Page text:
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  • Perspectives:Gubernatorial Turnover in the Russian Regions, 2005—2012
  • Ekaterina Paustyan (bio)

The existence of elections at the subnational level is a distinctive feature of federal states.1 In September 2004, President Putin proposed abolishing direct gubernatorial elections in Russia.2 After these elections were eliminated in 2005, some scholars argued that Russia could no longer be considered a federation.3 They emphasized that the center's influence over the regions had increased significantly and that governors had begun to play by rules set from above. Between 2005 and 2012, governors were appointed by the presidential administration.4 In some regions, new governors were selected, while in others incumbents were allowed to remain in office. As a result, although the elimination of elections has shifted the overall balance of power toward the center, several incumbents have maintained a substantial degree of autonomy.

For example, the governor of Belgorod Oblast, Evgeny Savchenko, originally appointed by President Yeltsin in 1993,5 was reappointed by President Putin in 2007. Since direct gubernatorial elections returned in [End Page 427] 2012, Savchenko has been re-elected twice.6 He is currently serving his seventh consecutive term, such that Belgorod Oblast has not seen a transfer of power for the past quarter-century. Another example is the governor of Kemerovo Oblast, Aman Tuleev, who was elected in 1997, then reap-pointed by Presidents Putin and Medvedev in 2005 and 2010, respectively. He was subsequently re-elected in 2015, although he recently resigned his post following a shopping mall fire in the region's capital in which 64 people lost their lives. Tuleev served more than four terms and remained in office for 20 years. The absence of power transfer in these regions since the 1990s, despite regime change and variation in methods of selecting governors, presents a conundrum.

Governors have significant control over politics7 and economics8 in their region. Consequently, gubernatorial turnover has long attracted the attention of local elites and the public. However, its effects on regional development have—to a large extent—been context-specific. Most often, a leadership change has occurred because the president appointed a new governor to replace the incumbent.

This analysis focuses on the dynamics of gubernatorial turnover in the Russian regions between 2005 and 2012. It shows that the elimination of direct elections has contributed to the political survival of some incumbents. In addition, this analysis demonstrates that regions that have not seen a transfer of power in more than a decade are not the ethnic republics but the oblasts and krais with a predominantly ethnic Russian population. On the face of it, this is surprising: the heads of ethnic regions have the strongest political machines and deliver high electoral results to the United Russia party,9 hence one would expect them to be the most secure in terms of their reappointment.10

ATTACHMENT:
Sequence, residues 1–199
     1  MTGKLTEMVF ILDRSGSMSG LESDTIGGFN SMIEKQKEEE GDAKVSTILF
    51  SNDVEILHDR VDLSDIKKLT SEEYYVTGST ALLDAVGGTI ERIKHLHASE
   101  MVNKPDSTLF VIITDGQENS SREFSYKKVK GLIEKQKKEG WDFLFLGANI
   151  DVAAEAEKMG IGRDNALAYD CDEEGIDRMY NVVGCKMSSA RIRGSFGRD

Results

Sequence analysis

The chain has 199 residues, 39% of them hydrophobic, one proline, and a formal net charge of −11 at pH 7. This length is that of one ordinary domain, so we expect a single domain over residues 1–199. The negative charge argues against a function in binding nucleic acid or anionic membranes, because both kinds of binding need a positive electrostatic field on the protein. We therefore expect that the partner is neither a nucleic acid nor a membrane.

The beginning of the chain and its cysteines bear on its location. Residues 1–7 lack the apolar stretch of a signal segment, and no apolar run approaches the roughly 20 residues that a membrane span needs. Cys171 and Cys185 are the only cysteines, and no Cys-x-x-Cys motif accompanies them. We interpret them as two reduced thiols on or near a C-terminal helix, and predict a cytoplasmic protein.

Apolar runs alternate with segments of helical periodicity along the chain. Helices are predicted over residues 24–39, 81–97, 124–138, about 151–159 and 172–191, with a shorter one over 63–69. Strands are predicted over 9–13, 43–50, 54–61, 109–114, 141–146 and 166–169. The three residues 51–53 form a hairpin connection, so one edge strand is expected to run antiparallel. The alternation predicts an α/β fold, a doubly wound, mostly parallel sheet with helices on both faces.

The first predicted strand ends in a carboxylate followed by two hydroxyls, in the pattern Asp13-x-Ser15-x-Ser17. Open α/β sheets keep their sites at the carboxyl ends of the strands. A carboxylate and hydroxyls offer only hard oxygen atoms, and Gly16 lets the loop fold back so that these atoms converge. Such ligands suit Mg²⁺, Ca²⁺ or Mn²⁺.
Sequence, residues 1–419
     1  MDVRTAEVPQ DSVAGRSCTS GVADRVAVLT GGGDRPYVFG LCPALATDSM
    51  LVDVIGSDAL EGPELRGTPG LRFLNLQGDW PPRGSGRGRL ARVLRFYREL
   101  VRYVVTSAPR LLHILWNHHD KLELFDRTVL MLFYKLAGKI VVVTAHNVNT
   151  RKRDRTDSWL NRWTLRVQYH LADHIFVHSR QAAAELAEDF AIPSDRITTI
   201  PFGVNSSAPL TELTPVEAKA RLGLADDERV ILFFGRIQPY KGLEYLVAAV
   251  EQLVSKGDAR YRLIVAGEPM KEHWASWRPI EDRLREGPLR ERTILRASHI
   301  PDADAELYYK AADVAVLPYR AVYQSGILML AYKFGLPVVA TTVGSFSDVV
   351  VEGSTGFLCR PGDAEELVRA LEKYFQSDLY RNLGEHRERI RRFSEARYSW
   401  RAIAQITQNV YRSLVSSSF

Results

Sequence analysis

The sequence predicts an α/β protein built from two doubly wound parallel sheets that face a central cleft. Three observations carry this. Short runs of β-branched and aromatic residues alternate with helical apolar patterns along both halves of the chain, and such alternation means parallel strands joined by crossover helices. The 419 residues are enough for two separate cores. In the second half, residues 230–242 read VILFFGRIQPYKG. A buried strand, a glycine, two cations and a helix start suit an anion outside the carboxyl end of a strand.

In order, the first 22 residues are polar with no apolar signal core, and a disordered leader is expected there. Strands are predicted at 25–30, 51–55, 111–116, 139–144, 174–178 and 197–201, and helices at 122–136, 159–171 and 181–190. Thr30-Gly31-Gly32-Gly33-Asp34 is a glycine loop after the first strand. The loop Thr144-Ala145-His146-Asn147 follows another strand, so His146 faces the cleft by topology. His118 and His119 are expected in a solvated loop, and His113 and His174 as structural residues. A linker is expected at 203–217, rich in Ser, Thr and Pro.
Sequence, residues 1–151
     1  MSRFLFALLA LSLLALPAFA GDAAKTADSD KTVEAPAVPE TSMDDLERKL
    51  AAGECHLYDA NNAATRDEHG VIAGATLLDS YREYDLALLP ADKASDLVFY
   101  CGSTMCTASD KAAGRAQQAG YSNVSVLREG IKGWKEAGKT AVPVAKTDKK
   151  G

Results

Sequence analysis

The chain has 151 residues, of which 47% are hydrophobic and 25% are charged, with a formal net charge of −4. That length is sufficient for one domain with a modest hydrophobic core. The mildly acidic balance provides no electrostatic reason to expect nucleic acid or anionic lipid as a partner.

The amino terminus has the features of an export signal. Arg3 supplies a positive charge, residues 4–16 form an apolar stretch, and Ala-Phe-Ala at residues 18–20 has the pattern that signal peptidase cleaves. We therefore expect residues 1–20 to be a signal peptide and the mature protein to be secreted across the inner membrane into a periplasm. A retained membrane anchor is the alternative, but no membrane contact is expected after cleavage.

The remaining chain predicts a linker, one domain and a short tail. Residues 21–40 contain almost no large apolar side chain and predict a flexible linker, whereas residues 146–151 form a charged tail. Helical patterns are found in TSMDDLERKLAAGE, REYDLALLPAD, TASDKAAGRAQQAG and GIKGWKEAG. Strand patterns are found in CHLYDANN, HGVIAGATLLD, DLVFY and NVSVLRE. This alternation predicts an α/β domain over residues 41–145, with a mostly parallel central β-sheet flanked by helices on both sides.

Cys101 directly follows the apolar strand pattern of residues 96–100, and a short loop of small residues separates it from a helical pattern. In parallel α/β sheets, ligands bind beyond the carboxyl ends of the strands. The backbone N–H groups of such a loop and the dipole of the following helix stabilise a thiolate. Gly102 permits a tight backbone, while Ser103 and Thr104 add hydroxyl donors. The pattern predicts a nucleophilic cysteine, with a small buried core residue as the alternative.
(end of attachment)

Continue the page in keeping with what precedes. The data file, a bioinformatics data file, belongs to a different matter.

The initial procedure of gubernatorial appointment formally required that the president nominate a gubernatorial candidate for the approval of the relevant regional legislature.11 Before nomination, the president was [End Page 428] supposed to consult with a presidential envoy (polpred) in the corresponding federal district.12 This procedure was modified in December 2005, when the largest party in a regional legislative assembly was also given the right to suggest gubernatorial candidates to the president. Since July 2009, the political party with the most seats in a regional assembly has always proposed at least three gubernatorial candidates; the president has then nominated one of these candidates for the approval of the assembly.13

To be more precise, as a governor's term drew to an end, the leadership of the United Russia party would begin official consultations with the presidential administration concerning potential candidates. At this stage, the domestic politics department of the presidential administration played a crucial role, indicating its preference for certain candidates. Forty-five days before the expiration of the gubernatorial term, the United Russia leadership submitted a list of candidates to the president. Within 10 days, the president selected one of these candidates and nominated him or her for the approval of the regional assembly. However, this approval was rather symbolic, as assemblies tended to unanimously approve nominated candidates. As a...


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